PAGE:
When you look to buy a home for the first time, it can be a very stressful experience. But, with the right knowledge, you will find the process fairly simple and you will understand everything you need to know about home financing. Listed below are a few points that can ease your journey to buying your first home:
Your personal finances- this is the very first criteria that you must address before deciding to buy a house. You must determine whether you are qualified to apply for a mortgage loan. In the present economy, it is quite hard to get approved for a mortgage loan. If you’re more prepared to go through this process, it will enable you to qualify for more loan programs especially those which have more competitive and lower mortgage rates. Answer the listed questions before you go house hunting or to the bank for a loan:
- Have you had a solid work history over the past few years? If not, can your spouse/partner help you qualify?
- Are all your Tax Returns in order for the past 2-3 years? If not, you must take the help of an accountant as soon as possible
- How is your credit? If you have negative credit or no credit, you could qualify for a loan but with higher interest rates. To understand the status of your credit, obtain the most recent copy of your credit report from the Experian, Equifax, and TransUnion.
If you’re an American, you are entitled to free copies every 12 months and if you’re employed, if you collect public assistance, or if you were denied credit recently.
- What are your current debts? Your mortgage loan could be denied on the basis of “too much open credit” which means you have large credit balances, many open accounts, unpaid student or car loans, etc.
- What has your banking history been like? Make sure you clear any negative balances or overdrafts before you apply for a loan
- How much money can you put down? Although this is not a requirement in most cases, especially if you find low mortgage rates through programs like FHA and VA mortgages, putting down a maximum of 20% of your own money can help. If you put down your own money, you don’t have to pay Private Mortgage Insurance, an amount that can be added to the initial loan as well as as an extra monthly expense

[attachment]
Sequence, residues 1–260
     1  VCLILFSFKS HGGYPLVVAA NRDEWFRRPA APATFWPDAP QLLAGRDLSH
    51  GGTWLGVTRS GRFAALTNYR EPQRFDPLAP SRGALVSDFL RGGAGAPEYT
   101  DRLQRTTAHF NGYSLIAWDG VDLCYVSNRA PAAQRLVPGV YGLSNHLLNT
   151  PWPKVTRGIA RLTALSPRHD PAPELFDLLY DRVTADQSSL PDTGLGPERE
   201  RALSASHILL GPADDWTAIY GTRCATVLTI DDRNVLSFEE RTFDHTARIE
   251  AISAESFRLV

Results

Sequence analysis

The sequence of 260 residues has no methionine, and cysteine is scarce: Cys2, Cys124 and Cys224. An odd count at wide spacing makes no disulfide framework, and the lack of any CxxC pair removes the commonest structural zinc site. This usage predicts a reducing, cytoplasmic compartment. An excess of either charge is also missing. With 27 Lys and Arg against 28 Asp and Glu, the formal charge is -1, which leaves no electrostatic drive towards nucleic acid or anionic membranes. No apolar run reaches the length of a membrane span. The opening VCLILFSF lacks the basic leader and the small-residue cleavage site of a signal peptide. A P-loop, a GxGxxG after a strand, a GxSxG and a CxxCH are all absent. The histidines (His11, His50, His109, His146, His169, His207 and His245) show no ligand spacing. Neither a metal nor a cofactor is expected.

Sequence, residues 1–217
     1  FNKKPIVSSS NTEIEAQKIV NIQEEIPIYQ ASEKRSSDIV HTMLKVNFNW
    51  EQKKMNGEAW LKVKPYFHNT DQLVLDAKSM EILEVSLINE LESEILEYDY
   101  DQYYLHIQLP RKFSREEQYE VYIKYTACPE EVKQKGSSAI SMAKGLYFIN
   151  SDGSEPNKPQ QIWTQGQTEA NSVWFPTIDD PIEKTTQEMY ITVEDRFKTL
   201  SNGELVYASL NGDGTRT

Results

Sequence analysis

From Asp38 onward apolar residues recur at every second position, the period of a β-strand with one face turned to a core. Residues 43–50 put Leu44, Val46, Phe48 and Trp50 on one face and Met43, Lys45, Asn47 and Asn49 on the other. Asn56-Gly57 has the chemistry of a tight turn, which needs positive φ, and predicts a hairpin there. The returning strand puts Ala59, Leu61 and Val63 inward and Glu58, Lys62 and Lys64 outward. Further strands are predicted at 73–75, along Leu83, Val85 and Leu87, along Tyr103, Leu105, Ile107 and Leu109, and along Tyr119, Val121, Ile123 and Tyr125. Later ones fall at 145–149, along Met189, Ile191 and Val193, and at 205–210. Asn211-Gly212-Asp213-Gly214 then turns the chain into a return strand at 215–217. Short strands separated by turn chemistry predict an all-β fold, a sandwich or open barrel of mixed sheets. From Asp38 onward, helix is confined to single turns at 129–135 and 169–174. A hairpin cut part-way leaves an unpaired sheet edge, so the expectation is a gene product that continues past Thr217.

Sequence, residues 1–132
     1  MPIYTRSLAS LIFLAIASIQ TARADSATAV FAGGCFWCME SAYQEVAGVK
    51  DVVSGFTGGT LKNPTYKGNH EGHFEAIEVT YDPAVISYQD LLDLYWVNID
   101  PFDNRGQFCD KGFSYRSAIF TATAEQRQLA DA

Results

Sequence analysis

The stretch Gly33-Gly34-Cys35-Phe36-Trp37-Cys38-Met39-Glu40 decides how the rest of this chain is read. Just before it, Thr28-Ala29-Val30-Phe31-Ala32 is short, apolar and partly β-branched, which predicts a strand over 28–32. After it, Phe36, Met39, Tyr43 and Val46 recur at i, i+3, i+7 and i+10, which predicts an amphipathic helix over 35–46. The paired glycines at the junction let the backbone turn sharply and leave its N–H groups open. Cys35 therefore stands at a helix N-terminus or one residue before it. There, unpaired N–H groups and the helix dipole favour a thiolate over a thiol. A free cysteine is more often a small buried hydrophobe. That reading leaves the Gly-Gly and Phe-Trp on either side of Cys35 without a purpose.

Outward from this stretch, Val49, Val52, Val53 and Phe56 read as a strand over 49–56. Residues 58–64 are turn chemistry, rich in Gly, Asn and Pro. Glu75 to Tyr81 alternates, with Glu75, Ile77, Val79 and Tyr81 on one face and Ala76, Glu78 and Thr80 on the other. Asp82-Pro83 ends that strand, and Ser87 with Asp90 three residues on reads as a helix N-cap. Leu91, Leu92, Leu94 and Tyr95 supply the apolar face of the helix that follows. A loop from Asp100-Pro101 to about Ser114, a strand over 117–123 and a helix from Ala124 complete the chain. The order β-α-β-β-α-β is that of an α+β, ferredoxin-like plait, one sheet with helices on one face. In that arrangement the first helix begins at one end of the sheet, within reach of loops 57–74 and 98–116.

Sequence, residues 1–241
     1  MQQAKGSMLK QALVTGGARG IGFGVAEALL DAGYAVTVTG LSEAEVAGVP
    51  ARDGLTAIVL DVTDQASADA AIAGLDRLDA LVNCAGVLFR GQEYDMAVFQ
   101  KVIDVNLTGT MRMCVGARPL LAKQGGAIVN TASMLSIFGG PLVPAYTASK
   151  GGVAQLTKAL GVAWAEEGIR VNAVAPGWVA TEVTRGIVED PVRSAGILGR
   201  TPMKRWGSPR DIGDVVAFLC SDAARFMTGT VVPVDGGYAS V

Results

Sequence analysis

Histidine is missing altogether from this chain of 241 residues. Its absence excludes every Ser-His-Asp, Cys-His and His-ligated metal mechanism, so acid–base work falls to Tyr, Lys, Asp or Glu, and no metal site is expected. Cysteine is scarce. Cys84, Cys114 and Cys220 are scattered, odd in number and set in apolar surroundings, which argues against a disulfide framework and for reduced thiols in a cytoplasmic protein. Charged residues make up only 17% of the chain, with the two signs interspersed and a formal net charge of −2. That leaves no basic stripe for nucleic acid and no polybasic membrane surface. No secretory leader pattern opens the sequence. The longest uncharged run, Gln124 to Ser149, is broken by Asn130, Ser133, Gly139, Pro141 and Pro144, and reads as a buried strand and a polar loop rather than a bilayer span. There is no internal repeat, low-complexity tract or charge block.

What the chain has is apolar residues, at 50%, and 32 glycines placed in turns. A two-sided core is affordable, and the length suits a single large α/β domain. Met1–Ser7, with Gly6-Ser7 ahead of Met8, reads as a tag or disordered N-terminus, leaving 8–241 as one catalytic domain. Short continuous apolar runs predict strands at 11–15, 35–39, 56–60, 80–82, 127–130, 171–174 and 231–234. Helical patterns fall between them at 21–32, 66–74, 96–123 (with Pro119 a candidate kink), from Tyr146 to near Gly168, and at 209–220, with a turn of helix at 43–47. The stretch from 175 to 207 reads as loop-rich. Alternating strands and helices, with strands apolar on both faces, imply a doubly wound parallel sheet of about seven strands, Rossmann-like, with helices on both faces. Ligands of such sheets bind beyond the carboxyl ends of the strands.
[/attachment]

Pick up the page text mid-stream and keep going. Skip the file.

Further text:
- What other form of income do you have? If you have a low income, that is infrequent or compromised credit, you should make sure to mention additional forms of income such as dividends, alimony, child support, settlements, disability, etc.
Knowing the answers to these questions will greatly assist you when you work with a relator or lender and your process will be faster and smoother. An additional bonus is that you will have all your documents ready.
Once you’ve met the above criteria, your processes will start. First, the mortgage lender will calculate your Debt-to-Income Ratio which is the difference between your income and how much you owe in debt in credit cards, student loans, car loans, rent, and bank loans.
Calculating your Debt-to-Income Ratio:
- First, list your total monthly income. Include salary, commissions, disability, public assistance payments, alimony, child support, settlement payments, dividends and pensions.
- Next, list all the open debt you have. Do not include regular household expenses such as food, clothing, and child care unless these expenses are on your credit card
- In the third step, divide your total monthly debt by your total monthly income. Mortgage lenders prefer a ratio of 0.36 or lesser. Remember, the higher your ratio, the higher your interest rate, and the higher your mortgage payment. While lenders usually allow you to be a little over this ratio, you also need to make space for property taxes, homeowners insurance, and maybe Private Mortgage Insurance
- To figure out where your proposed mortgage loan will take you, multiply your total income by the 0.36 multiplier
- Finally, subtract your total debt from this 0.36 amount and find the difference. This new amount is what you should try to remain below for your mortgage payment. Depending on whether this amount is suitable for you, you can reduce it by paying off other debt first, increase your down payment, and the total mortgage loan amounts
Finally, fine tune your numbers:
Once you’re done with the above steps, you will have a rough estimate of what your maximum monthly debt and mortgage payments should be. You can fine tune your numbers once you know other loan parameters. But some of these parameters will only be revealed to you once you decide on a house. Other factors that should be considered are terms of the loan, the mortgage interest rate, property taxes, homeowners insurance, condo/homeowners association fees, and depending on the amount of your down payment, Private Mortgage Insuranc.